The pandemic and everything that has followed has upended many things people took for granted. Many people and communities have suffered great trauma because of this. To effectively work with students who have undergone trauma, educators need to recognize it and make provisions for dealing with it.
During difficult times, the basics can be invaluable. For Jackson, the basics include providing consistency.
“Studies about best practices for trauma indicate that consistency and relationships matter,” Jackson said.
“Having those adults that kids can go to, and maintaining the patterns for kids is important.” Something as minor as keeping a gym class every Thursday can be helpful.
While this past year has demanded adjustments, the need to continue and offer consistency where possible is valuable.
To provide for students who have been traumatized, schools/districts need to take stock of what systems they have in place and remove critical barriers that make it hard for kids to access these systems.
“We ask ourselves ‘what are the barriers students face to access future plans and goals that they have been developing since early elementary level,’” Barbazon said.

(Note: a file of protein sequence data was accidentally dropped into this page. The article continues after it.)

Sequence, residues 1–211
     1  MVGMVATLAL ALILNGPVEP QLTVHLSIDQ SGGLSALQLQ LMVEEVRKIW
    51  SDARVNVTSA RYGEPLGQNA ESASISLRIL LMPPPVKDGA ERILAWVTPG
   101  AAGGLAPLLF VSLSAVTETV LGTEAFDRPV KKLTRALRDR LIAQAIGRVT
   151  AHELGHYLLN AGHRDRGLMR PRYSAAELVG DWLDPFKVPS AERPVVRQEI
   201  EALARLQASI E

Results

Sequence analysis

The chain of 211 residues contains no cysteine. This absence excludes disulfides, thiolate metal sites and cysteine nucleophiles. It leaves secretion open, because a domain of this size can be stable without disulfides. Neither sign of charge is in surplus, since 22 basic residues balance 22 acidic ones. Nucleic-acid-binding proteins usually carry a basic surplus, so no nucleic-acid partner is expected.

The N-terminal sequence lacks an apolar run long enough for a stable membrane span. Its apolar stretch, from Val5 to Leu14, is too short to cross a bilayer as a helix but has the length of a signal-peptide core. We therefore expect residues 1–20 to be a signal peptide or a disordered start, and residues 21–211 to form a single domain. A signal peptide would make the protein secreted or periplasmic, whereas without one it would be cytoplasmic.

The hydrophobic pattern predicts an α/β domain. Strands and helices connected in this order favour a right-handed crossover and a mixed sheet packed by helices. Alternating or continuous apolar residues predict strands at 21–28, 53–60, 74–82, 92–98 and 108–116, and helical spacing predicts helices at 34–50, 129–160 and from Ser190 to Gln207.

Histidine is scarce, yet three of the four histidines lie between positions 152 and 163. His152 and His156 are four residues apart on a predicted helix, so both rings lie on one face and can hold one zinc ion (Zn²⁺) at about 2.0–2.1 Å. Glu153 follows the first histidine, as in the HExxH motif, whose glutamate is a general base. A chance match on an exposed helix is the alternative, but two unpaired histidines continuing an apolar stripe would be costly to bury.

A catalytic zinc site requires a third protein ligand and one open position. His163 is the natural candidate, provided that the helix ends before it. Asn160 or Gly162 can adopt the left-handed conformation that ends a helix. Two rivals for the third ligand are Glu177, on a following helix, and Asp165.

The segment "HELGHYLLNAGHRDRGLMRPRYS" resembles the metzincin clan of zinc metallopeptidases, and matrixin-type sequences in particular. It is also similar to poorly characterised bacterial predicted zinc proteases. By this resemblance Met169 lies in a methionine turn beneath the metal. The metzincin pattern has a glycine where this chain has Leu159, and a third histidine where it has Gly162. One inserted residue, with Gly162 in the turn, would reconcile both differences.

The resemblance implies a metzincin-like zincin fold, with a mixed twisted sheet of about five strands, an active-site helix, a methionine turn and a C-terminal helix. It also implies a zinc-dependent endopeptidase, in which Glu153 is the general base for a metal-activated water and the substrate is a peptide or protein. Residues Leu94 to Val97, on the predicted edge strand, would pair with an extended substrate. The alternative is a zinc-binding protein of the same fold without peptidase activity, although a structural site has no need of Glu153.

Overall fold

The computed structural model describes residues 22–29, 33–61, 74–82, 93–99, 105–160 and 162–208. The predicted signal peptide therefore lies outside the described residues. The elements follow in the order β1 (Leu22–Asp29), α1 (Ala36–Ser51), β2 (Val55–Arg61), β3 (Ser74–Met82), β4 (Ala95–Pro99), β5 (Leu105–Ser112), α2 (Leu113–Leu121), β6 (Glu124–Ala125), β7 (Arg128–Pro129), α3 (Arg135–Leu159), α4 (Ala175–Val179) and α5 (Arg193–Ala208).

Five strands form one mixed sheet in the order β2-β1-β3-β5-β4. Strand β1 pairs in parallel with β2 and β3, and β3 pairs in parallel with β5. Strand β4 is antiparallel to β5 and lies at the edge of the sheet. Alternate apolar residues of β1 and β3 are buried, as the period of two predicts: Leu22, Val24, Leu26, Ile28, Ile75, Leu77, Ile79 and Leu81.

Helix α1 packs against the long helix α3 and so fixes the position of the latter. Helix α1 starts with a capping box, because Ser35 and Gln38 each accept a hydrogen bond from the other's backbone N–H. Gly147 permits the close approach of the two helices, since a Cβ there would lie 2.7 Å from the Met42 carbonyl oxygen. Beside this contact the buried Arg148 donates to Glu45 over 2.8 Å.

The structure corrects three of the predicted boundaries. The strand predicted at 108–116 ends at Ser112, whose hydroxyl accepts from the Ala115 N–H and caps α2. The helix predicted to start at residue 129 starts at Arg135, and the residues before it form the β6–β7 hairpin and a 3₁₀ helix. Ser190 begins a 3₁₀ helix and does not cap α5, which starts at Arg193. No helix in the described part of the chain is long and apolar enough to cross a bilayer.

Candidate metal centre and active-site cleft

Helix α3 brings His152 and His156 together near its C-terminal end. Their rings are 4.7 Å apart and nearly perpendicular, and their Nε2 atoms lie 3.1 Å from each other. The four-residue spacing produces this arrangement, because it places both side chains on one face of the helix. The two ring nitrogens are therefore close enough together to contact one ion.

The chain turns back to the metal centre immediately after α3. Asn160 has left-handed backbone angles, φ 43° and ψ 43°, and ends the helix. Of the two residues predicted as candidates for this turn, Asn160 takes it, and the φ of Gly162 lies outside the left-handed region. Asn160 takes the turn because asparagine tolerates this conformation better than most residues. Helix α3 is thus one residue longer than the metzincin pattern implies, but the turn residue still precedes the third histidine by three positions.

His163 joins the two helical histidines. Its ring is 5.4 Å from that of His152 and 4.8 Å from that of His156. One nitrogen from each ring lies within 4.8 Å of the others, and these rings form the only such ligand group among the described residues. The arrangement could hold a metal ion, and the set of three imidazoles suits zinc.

She noted many of the students in her district live in poverty, and their parents have little education.
To help students, they take a “whole child” approach which includes considering families and what might be creating access issues for them.
“You can be doing great future planning work with students in the classroom, but are you looking at data to see what matriculation looks like,” Barbzaon asked.
“Are students following their articulated post-secondary plans or are there barriers due to trauma holding them back? “
Once those barriers are identified, the goal is to provide ways around them.
Barbazon suggested that schools and districts should consider what they can put in place to support students.
One answer may be onsite grief counseling.
“Ultimately, we need to make sure we have some things in place to address their traumas that impact access to their post-secondary plans,” she stressed.